9/8/2017
The Art of Arbitration

The Art of Arbitration

Experts weigh in on what to consider before filing for arbitration

By Jann Johnson

Many arbitrations arise out of a contractual obligation, so we gathered several knowledgeable arbitrators and attorneys to share their insights into critical considerations before commencing arbitration. See what they have to say about arbitrator selection, reviewing arbitration clauses, managing client expectations, and controlling costs.

Meet the Panel

Anne Blume, Co-Managing Partner, Cozen O’Connor

Kevin R. Sido, Partner, Hinshaw & Culbertson LLP/Senior Mediator and Arbitrator, ADR Systems

Hon. Philip L. Bronstein, (Ret.), Senior Mediator and Arbitrator, ADR Systems

Hon. Dennis J. Burke, (Ret.), Senior Mediator and Arbitrator, ADR Systems

Jann Johnson: What should counsel and their clients consider when selecting an arbitrator?

Anne Blume: I have four guideposts for arbitrator selection: I want someone who will be fair, thorough, prepared, and thoughtful. I do not really need somebody with experience in the subject matter if they meet those four qualities.

Judge Philip Bronstein: You need arbitrator footprints. Sometimes these footprints come from counsel who has experience with that arbitrator. Sometimes you look to reported decisions. Counsel should be diligent in arbitrator selection.

Kevin Sido: I see a twist on selection in instances where there is a three-arbitrator panel. Typically, each side picks an arbitrator and they select someone they know for the third arbitrator, the chair. However, I also have seen it done differently. Each side still picks an arbitrator, but then those two might deliberately choose the third arbitrator from outside the jurisdiction—somebody who maybe is not nearly as well known to the lawyers at hand. The result represents the appearance of more neutrality, if that is possible.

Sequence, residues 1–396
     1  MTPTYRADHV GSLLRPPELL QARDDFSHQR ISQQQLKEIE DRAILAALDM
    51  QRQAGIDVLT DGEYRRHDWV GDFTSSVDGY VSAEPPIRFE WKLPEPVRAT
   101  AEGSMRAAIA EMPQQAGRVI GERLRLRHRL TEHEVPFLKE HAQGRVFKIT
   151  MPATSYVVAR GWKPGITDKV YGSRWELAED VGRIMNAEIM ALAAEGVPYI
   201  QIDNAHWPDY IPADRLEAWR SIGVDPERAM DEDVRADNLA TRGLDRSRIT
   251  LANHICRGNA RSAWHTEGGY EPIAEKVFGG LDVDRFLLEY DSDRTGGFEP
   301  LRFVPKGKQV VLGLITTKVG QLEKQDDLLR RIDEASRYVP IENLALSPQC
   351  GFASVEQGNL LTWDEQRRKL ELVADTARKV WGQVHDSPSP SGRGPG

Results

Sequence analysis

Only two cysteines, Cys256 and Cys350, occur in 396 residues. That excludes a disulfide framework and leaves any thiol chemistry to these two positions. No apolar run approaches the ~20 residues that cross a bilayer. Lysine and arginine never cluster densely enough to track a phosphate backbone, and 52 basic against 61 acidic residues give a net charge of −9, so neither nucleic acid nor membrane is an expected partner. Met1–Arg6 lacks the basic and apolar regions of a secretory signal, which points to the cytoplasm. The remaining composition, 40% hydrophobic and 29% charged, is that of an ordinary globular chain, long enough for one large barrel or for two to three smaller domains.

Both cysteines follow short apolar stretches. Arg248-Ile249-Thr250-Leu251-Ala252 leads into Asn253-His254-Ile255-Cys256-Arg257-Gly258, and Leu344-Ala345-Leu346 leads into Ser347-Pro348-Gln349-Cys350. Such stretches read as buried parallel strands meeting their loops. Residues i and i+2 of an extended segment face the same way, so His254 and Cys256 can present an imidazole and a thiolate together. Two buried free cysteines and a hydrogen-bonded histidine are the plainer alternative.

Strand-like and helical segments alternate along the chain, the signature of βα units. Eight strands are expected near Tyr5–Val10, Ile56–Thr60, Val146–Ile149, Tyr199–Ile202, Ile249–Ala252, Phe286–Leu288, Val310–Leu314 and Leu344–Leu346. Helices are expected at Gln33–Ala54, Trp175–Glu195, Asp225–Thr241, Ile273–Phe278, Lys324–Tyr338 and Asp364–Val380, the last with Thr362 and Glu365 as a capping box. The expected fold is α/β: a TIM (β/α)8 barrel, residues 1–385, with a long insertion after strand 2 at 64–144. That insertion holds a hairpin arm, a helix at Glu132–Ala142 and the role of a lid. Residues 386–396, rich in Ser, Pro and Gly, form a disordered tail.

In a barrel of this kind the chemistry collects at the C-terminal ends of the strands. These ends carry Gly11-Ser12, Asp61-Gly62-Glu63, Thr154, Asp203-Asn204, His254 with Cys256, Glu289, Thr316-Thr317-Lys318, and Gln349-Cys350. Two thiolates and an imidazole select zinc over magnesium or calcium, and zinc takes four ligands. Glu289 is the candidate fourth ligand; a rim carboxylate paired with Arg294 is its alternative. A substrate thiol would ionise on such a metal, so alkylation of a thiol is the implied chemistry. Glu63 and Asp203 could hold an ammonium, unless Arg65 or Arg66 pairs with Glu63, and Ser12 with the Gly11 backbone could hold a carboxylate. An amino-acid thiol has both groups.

Blume: Whether you are using one or three, you must do your homework when choosing an arbitrator. I appreciate it when arbitration providers keep data on arbitrators so that I can get a better overall picture, review their experience, and obtain references if needed. You are not able to choose the judge in litigation, but in arbitration you choose the arbitrator and your appellate rights are very limited. For that reason, due diligence is extremely important.

Johnson: What are some recommendations for counsel and their clients when faced with a vague or overly specific arbitration clause?

Judge Dennis Burke: The smarter, cooperative, and more professional lawyers review the arbitration clause together. If it is vague or difficult to work with, then they can make changes to the clause as long as they are in agreement. If the clause identifies specific arbitration rules, then counsel can agree to use other arbitration rules—maybe rules that allow them to move the arbitration along more efficiently, if that is one of their objectives.

Sido: When transactional attorneys write arbitration clauses into contracts, they cannot possibly write clauses to fit all future arbitrations. Once counsel begin thinking about the clause language, they can come to agreement on amendments to the arbitration clause and the best rules to use. I agree with Judge Burke, when counsel work together to get this done, everyone benefits.

Blume: When drafting contracts, it is difficult to envision what type of dispute you may have in the future. When you have a vague arbitration agreement or clause, you should rewrite it to suit your needs and the specific dispute. Confidentiality, procedures, and discovery—in other words, all of those things that would not typically be in an arbitration agreement or clause—should be included.